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Canada’s unemployment rate rises to 6.2% as more workers forced to go part time

All the job gains were part-time, while full-time jobs fell

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Canada’s unemployment rate ticked up to 6.2 per cent in May despite adding 27,000 jobs, as economists continue to wager on whether the Bank of Canada will cut interest rates again in July.

The economy added 62,000 part-time jobs in the month, while full-time employment declined by 36,000, Statistics Canada said. The number of people forced to work part time due to the unavailability of full-time jobs was 18.2 per cent in May, up from 15.4 per cent a year ago.

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“There is plenty in May’s jobs data that supports the case for lower interest rates,” Leslie Preston, a senior economist at Toronto-Dominion Bank, said in a note. “The economy has cooled, but it has not fallen off a cliff. We expect that will lead to a gradual pace of interest rate reductions this year, with the Bank of Canada likely to cut at every other meeting.”

Bank of Montreal’s chief economist Douglas Porter was a bit more cautious. He said in a note that while the monthly labour force survey was “consistent with the growing slack in the economy,” the Bank of Canada’s decision will be driven by reports on inflation, which will “shape the July rate decision.”

The Bank of Canada this week cut interest rates for the first time since launching a hiking cycle four years ago to combat inflation in March, as recent data suggested inflation will continue to move towards the bank’s target of two per cent. Economists are now betting on whether the bank will make another cut at its next announcement on July 24.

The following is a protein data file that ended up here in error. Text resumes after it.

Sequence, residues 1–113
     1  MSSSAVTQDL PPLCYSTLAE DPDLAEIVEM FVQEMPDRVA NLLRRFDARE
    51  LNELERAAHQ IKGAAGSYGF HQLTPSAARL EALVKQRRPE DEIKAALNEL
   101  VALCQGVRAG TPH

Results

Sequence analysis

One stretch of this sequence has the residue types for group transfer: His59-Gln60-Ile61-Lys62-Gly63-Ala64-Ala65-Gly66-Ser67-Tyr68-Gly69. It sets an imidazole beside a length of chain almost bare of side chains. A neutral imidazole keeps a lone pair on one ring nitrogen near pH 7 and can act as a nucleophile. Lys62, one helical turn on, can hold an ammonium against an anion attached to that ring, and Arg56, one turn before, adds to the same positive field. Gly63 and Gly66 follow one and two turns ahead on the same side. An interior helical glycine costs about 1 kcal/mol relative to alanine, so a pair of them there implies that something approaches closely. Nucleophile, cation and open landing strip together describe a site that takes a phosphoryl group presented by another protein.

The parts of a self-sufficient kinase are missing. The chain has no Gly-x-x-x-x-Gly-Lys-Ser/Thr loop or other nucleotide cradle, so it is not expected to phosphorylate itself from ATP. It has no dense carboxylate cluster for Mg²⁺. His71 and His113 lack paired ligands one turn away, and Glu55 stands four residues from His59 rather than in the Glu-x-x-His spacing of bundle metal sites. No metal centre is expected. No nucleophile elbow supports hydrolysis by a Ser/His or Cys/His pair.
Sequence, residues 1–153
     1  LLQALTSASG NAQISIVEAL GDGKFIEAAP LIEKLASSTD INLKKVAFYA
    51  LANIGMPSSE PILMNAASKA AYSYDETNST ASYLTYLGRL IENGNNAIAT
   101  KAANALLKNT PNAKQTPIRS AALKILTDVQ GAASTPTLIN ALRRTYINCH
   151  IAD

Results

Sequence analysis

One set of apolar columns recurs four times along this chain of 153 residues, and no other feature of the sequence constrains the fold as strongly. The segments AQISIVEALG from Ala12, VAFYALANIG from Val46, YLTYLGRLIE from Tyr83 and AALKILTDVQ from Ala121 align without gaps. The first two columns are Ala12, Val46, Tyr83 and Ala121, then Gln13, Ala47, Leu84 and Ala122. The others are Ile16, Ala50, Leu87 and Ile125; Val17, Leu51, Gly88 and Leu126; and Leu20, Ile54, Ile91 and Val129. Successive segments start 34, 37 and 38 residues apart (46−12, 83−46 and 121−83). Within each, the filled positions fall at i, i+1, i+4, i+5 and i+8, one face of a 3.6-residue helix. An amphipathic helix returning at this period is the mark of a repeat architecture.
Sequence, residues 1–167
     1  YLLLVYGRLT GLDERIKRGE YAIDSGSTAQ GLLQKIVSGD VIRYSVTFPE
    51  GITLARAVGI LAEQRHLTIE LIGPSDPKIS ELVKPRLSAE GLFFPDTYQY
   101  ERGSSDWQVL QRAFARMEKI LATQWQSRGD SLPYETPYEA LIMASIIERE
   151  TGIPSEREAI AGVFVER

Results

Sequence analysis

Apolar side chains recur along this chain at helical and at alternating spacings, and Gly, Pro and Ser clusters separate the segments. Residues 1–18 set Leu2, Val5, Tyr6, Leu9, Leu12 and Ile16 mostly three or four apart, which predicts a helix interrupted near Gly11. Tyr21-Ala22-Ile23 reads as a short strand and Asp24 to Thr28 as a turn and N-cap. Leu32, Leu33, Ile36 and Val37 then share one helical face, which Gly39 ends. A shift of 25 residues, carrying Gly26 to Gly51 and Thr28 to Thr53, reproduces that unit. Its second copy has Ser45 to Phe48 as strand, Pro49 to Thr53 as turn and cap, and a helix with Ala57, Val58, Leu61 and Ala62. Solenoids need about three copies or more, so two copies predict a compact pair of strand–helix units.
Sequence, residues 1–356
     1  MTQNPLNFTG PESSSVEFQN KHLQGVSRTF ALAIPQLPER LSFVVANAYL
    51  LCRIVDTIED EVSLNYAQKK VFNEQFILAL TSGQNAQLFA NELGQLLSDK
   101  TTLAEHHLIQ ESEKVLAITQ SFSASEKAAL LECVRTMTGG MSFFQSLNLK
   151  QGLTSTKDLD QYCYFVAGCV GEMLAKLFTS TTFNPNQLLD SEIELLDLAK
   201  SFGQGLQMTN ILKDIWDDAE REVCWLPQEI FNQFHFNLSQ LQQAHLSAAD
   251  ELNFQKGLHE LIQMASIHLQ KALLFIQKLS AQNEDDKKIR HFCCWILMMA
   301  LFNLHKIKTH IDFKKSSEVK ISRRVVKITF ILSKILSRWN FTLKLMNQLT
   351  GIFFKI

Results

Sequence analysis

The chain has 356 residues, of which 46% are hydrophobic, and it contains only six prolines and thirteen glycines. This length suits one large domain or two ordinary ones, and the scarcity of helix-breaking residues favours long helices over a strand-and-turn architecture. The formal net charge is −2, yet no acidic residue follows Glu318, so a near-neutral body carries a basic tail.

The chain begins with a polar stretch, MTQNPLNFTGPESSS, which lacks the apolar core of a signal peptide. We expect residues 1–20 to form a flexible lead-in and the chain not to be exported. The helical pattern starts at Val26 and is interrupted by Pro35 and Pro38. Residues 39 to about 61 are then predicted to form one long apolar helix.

About 1.4 million people were unemployed in May, an increase of 28,000, or 2.1 per cent, compared to the previous month. About a quarter of the unemployed in April managed to get jobs in May — a figure that’s lower than the pre-pandemic average — signalling that people are facing “greater difficulties finding work” in the market, Statistics Canada said.

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In addition, the proportion of people who have been continuously unemployed for 27 weeks or more — defined as long-term unemployment by the agency — was 18.2 per cent in May, up from 13.2 per cent in August 2023.

The employment rate, defined as the proportion of the population aged above 15 who are employed, declined by 0.1 per cent to 61.3 per cent in May, the seventh decrease in the past eight months.

“Compared with its recent high of 62.4 per cent reached in January and February 2023, the employment rate has fallen 1.1 percentage points, as population growth outpaced employment growth,” Statistics Canada said.

Employment in health care and social assistance increased by 30,000 in May and by about 170,000 in the past 12 months. But the number of construction sector jobs declined by 30,000 during the month and is down by 35,000, or 2.2 per cent, from a year ago.

The number of Canadians working from home declined “notably,” the agency said, as more workers returned to their offices.

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Just 13.2 per cent of employed Canadians were working exclusively from home in May, down 5.5 percentage points compared to the same month in 2022 and 1.2 percentage points lower than last year.

Overall, the monthly labour force survey shows many signs of a cooling job market, economists say, which suggests there could be room for further cuts.

But the Bank of Canada will likely be keeping an eye on the rising average hourly wage for employees in May, which is now $34.94, an increase of $1.69, or 5.1 per cent, compared to last year.

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